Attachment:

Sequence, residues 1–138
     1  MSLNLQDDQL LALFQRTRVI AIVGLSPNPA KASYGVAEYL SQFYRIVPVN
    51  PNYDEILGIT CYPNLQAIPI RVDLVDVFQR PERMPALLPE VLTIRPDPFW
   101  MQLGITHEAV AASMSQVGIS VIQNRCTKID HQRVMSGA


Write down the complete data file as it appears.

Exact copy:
Sequence, residues 1–138
     1  MSLNLQDDQL LALFQRTRVI AIVGLSPNPA KASYGVAEYL SQFYRIVPVN
    51  PNYDEILGIT CYPNLQAIPI RVDLVDVFQR PERMPALLPE VLTIRPDPFW
   101  MQLGITHEAV AASMSQVGIS VIQNRCTKID HQRVMSGA